Wednesday, December 21, 2005


What do I know about Jim Kelly? He’s a great writer, with a body of short stories that I would have killed to write. I know he’s fun to hang out with. I know he’s painstakingly considerate to and yet honest with his students at Clarion. Not only does he know a lot about writing, but he knows how to convey that knowledge to others. I hate to get all mushy, but it’s nice when a great writer turns out to be a great human being, too.

Now he has a new novel, Burn, out from Tachyon Press. It’s intelligent, thoughtful, and provocative. On the Tachyon site they summarize it as follows:

The tiny planet of Morobe's Pea has been sold, and the new owner has a few ideas. He has renamed it Walden, and voluntary simplicity is now the rule. It will become a rural paradise for everyone who embraces Thoreau’s philosophy.

But the previous tenants have their own ideas. And they are willing to set themselves on fire to defend them...

And, as Matt Cheney says on Mumpsimus, it’s "a science fiction novel that explores some of the ideas of the Transcendentalists, particularly Henry David Thoreau." And: "[The novel] may seem at first like a space opera with firefighters and Transcendentalists, but there's more going on beneath its compelling story -- questions of progress and responsibility, intervention and witness, technology and truth. The ending is extraordinary, forcing us to reconsider everything we've taken for granted in the story so far. This is science fiction that Thoreau himself might love!"

Not to mention, a very powerful trifecta weighs in:

"A powerful cocktail of the strange and the hauntingly familiar"
Cory Doctorow, author of Down and Out in the Magic Kingdom

"With his immaculate prose and perfect structural tricks, Kelly's book offers a richly satisfying blend of adventure and philosophy" – ("A" pick)

"James Patrick Kelly is one of the masters of science fiction. He imagines futures both high-tech and human, both dizzyingly complicated and determinedly simple, and then sends us to Walden, where simplicity is anything but, and even Henry David Thoreau begins to look disturbingly different"Burn is inventive, moving, and involving. It's James Patrick Kelly at his best, and there's nothing better." —Connie Willis, author of Doomsday Book

And last but not least, Jim has been podcasting the novel.

I’m pleased to report that James Patrick Kelly has agreed to walk the plank, with unpredictable results.



Why should readers pick up your book as opposed to, say, just about anybody else's book?
I'm pleased to announce that BURN is easier to pick up than any other book you can imagine. Since I was able to take advantage of Space Age Diction, I've made BURN incredibly light. In fact, this book weighs a scant .34 kilograms on earth, or .13 kilos if you're reading me on Mercury and a mere .86 kilos on the surface of Jupiter. I was able to achieve this by eliminating most adverbs; in their place I have made extensive use of the latest polymer verbs. By the way, for all of you Hugo and Nebula nominators — and you know who you are — I'm pleased to announce that even though BURN looks like a novel and plots like a novel and quacks like a novel, it is in fact, a very long novella.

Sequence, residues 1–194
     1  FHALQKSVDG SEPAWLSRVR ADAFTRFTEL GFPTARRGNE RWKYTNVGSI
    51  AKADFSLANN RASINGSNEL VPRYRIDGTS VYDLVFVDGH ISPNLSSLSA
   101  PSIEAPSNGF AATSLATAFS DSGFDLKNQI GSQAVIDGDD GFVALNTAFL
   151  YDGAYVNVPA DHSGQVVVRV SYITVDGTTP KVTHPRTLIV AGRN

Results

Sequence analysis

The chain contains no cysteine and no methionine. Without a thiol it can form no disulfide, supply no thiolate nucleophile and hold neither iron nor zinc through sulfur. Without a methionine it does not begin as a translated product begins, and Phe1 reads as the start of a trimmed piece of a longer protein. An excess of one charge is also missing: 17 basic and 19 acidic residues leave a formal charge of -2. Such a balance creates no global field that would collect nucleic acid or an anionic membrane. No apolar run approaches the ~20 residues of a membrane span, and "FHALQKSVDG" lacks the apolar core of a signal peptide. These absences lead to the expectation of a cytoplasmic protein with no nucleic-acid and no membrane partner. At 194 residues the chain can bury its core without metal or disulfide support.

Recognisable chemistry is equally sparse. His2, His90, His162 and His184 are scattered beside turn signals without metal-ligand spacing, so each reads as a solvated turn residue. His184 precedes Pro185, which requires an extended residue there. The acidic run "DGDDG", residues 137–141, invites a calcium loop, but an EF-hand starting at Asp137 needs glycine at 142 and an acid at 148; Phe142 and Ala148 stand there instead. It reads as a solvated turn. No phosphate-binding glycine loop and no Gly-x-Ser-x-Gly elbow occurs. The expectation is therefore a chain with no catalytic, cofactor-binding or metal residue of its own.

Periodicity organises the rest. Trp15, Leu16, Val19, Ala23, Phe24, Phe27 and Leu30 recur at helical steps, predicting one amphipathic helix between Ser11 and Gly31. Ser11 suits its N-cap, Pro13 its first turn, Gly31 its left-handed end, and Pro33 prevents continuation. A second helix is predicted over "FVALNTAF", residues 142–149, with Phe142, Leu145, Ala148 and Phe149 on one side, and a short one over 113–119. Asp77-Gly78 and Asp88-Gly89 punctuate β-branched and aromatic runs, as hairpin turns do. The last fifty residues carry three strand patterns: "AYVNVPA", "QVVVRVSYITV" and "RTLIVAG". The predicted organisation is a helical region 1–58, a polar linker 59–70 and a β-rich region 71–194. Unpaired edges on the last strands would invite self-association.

Does your book have any socially redeeming qualities? If so, what are they?
I'm pleased to announce that any high school or college student being forced to read Henry David Thoreau's WALDEN can give BURN to their teachers instead of writing that paper that was due last Thursday. I guarantee no less than a B- or I will refund the cost of the book. BURN proves that almost everything Thoreau said was wrong, wrong and wrong. By the way, did you know that HDT once started a forest fire?

Does your book have any medicinal or mental health value to readers?
I'm pleased to announce that the deadtree version of BURN is more or less inert and can be ingested without harmful side effects. On the other hand, those downloading the podcast version should be warned that it can potentially induce a hypnagogic state, with resulting visual and auditory hallucinations. Do not listen to this book while driving or operating heavy machinery.

Assume your book has been filed under "Ages 8 to 12" in the children's section, perhaps by mistake, perhaps not. How horrified do you imagine a child would be after reading your book, and why? How many years of therapy would the child take to recover from the experience?
I'm pleased to announce that no children can possibly be harmed reading my book. I've read Chapter One to several K-8 focus groups and have noted soporific effects roughly equivalent to those brought on by our President's Saturday Morning Radio Addresses. Moms and Dads take note! I have four other novels that can be put to similar use when the kiddos get tired of falling asleep to this one.

Why do you insist on writing so many short stories?
I'm pleased to announce that coming within a few hundred words of writing a novel has so traumatized me that I will be able to write nothing but haikus and greeting cards until a Democrat or a human being is elected President.

If no one buys your book and you are unable to continue publishing your fiction due to the intense vilification that occurs in the media, what line of work will you go into?
I am pleased to announce that I have already joined the faculty of the Stonecoast MFA in Creative Writing low residency program and will be teaching the next generation of literary tyros how not to write novels just like me.